I have had a feeling that for a while the wiki markup etc etc gets in the way of new users. I’m sure there is some reseach on this somewhere. But there is the other issue as well: what is a wiki? What is it really for? How do we best engage with a wiki?
PS. From the TALO list, I visited this wiki comparison site. Verhy comprehensive.
I was inspired to do this post by reading Mark Nicholls’s blog. I was sitting in a relaxed mood during the last speeches at e-fest when in a moment of inspiration I checked my plane departure time to discover it was in 75 minutes, not about three hours as I thought. I left far too quickly, with no sense of closure, good-byes or wind-down. There was for me no debrief . . .
I am interested in three comments by Mark:
I have been reflecting on my eFest experiences and the discomfort I felt when discussion turned toward our ‘inadequate’ education system (at all levels – this criticism wasn’t confined to tertiary). It is very easy to rubbish things; all you need are perfect expectations, a simplistic perspective of the world, a few examples and a preferred solution that fails to consider all of the world’s complexities.
It is interesting how we can attend the same event, and get totally different things out of it. I didn’t see much of this view. Maybe Mark is referring to the last session where I did leave early: I did catch a very interesting speech by a High School student, referring to the TED podcast Do schools kill creativity by Sir Ken Robinson 2006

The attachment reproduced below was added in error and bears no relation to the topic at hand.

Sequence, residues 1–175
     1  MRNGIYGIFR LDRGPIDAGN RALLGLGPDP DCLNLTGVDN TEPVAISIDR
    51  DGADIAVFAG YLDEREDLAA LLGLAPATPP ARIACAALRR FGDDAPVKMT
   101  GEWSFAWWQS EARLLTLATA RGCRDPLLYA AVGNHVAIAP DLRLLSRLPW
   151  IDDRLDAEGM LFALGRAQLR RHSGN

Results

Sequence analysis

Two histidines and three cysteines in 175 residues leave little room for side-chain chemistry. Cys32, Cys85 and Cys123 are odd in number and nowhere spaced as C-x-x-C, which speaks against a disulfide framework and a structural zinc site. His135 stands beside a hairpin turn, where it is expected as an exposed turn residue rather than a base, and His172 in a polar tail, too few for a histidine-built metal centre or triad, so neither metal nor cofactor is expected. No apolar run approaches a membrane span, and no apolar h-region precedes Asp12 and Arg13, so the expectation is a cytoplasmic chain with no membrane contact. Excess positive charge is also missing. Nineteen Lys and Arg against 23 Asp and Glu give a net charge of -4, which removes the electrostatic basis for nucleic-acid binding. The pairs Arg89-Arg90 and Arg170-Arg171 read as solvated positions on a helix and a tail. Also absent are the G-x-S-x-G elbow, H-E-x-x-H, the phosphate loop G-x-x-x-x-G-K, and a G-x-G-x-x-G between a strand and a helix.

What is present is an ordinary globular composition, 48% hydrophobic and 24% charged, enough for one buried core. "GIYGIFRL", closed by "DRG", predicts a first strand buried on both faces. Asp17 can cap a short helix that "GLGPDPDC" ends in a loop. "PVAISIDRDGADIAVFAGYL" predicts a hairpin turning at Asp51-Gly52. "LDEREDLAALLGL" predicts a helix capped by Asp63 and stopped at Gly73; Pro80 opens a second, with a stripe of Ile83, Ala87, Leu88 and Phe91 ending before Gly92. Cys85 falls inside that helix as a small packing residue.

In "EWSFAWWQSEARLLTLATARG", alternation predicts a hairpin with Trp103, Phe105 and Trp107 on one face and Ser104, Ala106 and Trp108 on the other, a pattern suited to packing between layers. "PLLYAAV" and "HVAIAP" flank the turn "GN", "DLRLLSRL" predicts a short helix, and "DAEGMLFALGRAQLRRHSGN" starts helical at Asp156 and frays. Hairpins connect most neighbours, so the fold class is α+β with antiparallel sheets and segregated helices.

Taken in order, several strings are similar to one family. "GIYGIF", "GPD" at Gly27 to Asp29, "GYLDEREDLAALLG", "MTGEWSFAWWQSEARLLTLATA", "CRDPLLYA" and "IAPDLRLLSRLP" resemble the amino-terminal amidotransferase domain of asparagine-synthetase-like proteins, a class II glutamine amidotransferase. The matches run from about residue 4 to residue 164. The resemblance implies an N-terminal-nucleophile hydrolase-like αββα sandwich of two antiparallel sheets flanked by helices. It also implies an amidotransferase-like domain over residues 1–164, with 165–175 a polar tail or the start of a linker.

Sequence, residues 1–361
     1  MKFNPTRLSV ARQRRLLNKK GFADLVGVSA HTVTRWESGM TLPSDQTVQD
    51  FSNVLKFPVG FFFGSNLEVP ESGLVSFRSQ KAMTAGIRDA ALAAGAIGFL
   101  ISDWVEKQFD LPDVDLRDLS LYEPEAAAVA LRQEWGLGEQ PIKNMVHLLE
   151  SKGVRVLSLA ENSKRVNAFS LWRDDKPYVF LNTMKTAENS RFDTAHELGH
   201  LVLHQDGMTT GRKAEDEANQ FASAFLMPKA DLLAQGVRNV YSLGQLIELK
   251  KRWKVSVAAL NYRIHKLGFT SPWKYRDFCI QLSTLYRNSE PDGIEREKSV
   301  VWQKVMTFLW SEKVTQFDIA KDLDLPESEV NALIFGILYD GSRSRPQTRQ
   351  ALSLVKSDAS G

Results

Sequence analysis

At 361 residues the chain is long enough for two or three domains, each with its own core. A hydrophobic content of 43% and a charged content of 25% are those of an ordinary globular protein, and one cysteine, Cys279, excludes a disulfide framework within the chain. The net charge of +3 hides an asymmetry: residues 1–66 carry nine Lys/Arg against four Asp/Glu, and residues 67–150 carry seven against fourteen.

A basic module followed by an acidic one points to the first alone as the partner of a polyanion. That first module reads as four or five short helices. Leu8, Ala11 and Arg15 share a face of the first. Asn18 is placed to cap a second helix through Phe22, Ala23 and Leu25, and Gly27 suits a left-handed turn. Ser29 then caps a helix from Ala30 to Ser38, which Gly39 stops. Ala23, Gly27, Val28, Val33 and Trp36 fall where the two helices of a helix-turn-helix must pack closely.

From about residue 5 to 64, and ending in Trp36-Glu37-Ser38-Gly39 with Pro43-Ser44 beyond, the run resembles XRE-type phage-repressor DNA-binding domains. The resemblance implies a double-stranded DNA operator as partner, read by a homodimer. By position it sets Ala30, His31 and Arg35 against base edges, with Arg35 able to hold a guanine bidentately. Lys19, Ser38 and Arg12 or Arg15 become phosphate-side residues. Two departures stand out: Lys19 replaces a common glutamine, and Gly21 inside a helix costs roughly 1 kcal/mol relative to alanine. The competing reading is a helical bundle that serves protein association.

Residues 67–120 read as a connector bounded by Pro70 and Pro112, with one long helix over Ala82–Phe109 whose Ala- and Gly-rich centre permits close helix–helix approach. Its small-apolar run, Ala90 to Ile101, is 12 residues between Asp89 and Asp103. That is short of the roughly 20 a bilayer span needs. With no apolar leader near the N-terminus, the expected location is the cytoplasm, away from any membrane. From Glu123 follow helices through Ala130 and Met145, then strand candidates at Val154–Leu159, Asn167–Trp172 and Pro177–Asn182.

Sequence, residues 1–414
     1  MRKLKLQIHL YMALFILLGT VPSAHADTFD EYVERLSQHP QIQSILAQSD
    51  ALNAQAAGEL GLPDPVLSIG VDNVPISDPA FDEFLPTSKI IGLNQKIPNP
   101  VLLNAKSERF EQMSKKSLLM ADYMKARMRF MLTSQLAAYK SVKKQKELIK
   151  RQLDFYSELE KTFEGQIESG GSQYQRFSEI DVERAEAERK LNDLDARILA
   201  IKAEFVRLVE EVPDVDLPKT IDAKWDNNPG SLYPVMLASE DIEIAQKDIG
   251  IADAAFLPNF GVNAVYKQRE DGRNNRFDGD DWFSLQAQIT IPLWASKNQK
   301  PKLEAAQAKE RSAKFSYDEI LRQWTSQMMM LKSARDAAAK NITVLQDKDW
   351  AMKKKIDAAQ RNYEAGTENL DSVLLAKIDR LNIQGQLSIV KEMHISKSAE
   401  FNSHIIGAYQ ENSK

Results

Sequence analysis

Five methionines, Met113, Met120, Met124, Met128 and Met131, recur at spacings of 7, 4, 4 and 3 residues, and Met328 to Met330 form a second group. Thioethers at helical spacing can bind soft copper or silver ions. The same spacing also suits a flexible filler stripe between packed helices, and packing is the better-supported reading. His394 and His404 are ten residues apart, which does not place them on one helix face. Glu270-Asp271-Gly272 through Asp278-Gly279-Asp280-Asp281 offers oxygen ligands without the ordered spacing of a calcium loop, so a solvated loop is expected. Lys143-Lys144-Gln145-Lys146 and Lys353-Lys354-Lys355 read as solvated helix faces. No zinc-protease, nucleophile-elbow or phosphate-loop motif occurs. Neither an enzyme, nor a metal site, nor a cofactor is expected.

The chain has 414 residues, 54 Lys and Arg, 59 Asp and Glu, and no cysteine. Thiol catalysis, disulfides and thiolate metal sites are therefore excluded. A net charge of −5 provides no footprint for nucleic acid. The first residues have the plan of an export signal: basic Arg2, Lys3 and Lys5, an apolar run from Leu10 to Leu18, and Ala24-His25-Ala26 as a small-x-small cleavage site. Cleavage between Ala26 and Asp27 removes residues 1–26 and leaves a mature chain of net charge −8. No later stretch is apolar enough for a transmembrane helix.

Mark also asks:
Should we do away with schools and tertiary institutions because of the potential of Web 2.0, and the rise of the digital native? That is as naked a question as was enthusiastically affirmed at eFest.
I think the theme for me at e-fest was using new tools for improving old (necessary) practices – like creating authenticity, encouraging engagement and reflection . . . I spent some time in some of the sessions where the question was How to cope with the non-digital native? – when they need to become digital. Like Lee said: If I have to teach one more person how to insert a hyperlink . . .
What are the basic competencies I wonder? Nancy White has spoken on this . . hers is quite a clear view.
Mark also commented:
My bone is that Web 2.0 and networked learning are yet to convince me that they could do a better job than the ‘ongoing progress’ being made by the status quo. Communities of Practice are simply not as communally representative as are local schools, so are therefore impoverished as substitutes.
Hmm. I’ve talked with Mark a little about this, but the conversation remains unfinished. I suspect the communities of practice Mark is referring to are either NOT communities of practice (maybe in the sense a school may be a community, but not a CoP) (ref the wikipedia definition) – or else they are communities gone bad. As Etienne Wenger says:
(Community) . . . can be both a strength and a weakness…the locus of creative achievements and the locus of inbred failures; the locus of resistance to oppression and the locus of the reproduction of its conditions; the cradle of the self but also the potential cage of the soul Possible reference